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Image of Suzanne Spaak. Courtesy of Yad Vasehm.
Image of Suzanne Spaak. Courtesy of Yad Vasehm.

Two different authors will discuss their new books at two different events in Forest Hills over the next few days.

Jeremy Dauber will lecture and then sign copies of “Jewish Humor: A Serious History” at the Forest Hills Jewish Center, 106-06 Queens Blvd., on Sunday, Nov. 5, at 2 p.m. Anne Nelson will chat about “Suzanne’s Children: A Daring Rescue in Nazi Paris” at the Central Queens Y, 67-09 108th St., on Monday, Nov. 6, at 1:30 p.m.

Dauber is a Professor of Yiddish Language, Literature and Culture at Columbia University. He grew up in an Orthodox Jewish community in New Jersey and graduated summa cum laude from Harvard before attending Oxford as a Rhodes Scholar. His new book traces the origins of Jewish comedy and its development all the way from the Bible to the Twitter age.

Dauber explores what he calls the “seven strands of Jewish comedy,” including the satirical, the witty, and the vulgar. He also shows how the genre has been affected by persecution, cultural assimilation, religious revival, diaspora and Zionism. Readers will learn about rabbi jokes, Borscht Belt routines, the Marx Brothers, Mel Brooks, Seinfeld, Larry David and of course, Adam Sandler’s “Hanukkah Song.” They will also learn that making jokes is serious business.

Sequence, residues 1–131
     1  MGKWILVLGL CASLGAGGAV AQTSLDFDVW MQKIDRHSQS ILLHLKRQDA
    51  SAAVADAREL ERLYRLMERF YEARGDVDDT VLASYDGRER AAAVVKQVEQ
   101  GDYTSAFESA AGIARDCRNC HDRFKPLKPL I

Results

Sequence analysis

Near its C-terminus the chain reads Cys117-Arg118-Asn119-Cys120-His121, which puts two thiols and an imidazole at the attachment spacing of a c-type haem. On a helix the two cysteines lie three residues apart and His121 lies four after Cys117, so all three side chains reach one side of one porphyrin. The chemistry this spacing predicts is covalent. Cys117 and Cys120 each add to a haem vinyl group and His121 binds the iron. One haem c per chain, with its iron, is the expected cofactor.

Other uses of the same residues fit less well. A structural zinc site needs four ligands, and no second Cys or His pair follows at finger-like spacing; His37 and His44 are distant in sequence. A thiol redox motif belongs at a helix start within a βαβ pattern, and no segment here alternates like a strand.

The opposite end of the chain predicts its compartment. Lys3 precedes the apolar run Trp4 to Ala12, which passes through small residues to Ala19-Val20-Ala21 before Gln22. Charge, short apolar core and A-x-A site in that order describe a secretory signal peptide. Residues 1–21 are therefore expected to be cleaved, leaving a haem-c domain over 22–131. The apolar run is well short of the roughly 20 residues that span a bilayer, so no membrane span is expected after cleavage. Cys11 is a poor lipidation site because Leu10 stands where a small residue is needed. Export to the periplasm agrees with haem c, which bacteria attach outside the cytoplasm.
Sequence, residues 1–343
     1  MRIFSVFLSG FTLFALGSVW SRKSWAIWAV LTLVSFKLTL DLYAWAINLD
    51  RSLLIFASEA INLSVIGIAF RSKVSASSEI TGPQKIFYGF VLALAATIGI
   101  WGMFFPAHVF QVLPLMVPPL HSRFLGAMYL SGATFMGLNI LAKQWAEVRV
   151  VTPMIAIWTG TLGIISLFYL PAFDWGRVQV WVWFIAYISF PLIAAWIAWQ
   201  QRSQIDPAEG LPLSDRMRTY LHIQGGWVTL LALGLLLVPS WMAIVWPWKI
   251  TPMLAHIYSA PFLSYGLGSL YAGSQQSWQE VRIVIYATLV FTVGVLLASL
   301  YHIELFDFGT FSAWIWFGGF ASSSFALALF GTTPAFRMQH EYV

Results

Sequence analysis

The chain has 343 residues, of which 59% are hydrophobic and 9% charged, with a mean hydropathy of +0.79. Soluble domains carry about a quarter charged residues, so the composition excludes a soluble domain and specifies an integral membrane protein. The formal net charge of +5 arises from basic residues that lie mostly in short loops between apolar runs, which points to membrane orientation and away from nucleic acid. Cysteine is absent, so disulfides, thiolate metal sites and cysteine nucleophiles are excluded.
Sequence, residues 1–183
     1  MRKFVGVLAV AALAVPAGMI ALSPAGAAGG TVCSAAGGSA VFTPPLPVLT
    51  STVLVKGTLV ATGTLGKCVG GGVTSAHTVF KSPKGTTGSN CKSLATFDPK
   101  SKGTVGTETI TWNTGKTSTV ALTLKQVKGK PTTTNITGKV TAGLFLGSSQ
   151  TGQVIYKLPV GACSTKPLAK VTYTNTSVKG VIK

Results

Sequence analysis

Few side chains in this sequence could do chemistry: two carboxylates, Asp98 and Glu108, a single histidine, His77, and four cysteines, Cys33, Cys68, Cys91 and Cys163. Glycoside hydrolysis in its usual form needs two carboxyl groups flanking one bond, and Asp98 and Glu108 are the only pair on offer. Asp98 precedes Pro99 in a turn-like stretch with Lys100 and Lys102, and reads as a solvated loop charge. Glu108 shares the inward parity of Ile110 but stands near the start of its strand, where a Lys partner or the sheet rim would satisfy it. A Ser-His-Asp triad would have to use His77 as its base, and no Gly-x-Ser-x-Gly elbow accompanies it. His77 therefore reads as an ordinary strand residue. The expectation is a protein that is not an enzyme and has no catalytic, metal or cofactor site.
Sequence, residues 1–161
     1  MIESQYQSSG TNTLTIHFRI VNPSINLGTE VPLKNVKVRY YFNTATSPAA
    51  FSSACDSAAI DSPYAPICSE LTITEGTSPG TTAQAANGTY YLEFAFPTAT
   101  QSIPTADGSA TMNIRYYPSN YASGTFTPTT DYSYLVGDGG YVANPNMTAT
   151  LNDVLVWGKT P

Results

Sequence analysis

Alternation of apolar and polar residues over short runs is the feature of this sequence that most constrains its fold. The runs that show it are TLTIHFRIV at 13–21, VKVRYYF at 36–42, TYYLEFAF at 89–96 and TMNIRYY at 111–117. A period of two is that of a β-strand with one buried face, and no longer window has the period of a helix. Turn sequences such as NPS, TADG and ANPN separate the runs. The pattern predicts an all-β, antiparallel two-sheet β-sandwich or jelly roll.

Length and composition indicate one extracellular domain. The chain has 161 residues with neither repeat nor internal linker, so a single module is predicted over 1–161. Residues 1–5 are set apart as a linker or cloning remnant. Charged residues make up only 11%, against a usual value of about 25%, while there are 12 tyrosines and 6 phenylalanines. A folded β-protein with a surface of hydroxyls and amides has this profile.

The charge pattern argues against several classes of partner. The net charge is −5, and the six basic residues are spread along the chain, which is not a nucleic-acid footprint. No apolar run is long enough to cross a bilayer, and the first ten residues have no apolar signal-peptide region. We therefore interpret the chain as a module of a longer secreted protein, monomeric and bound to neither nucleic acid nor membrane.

An $18 donation is suggested in advance, but organizers will request $23 at the door.

Nelson also has ties to the Ivy League institution in upper Manhattan. She teaches at the Columbia University School of International and Public Affairs. She’s also a playwright and a member of the Council on Foreign Relations. Her new book tells the story of Suzanne Spaak, a Belgian Catholic who helped save dozens of Jewish children during World War II.

Spaak was born into a wealthy banking family in 1904 and she married a member of Belgium’s leading political family. (Her brother-in-law was the foreign minister.) Then in Paris in the late 1930s, she befriended a Jewish woman who had fled persecution in Poland. The Nazis occupied France soon thereafter, and Spaak, who had two children at the time, joined the Resistance (aka the underground National Movement Against Racism).

Using her personal fortune and calling on her connections, she organized high society women, a group called the “Lucy Ring,” to rescue 163 Jewish children who were about to be deported to the Auschwitz concentration camp. However, the Nazis caught her in 1943. They imprisoned her, tortured her and then executed her on Aug. 12, 1944, just 13 days before the Allied Forces liberated France.

For this presentation, organizers request that attendees offer an $8 donation.

Jeremy Dauber

Jeremy Dauber.


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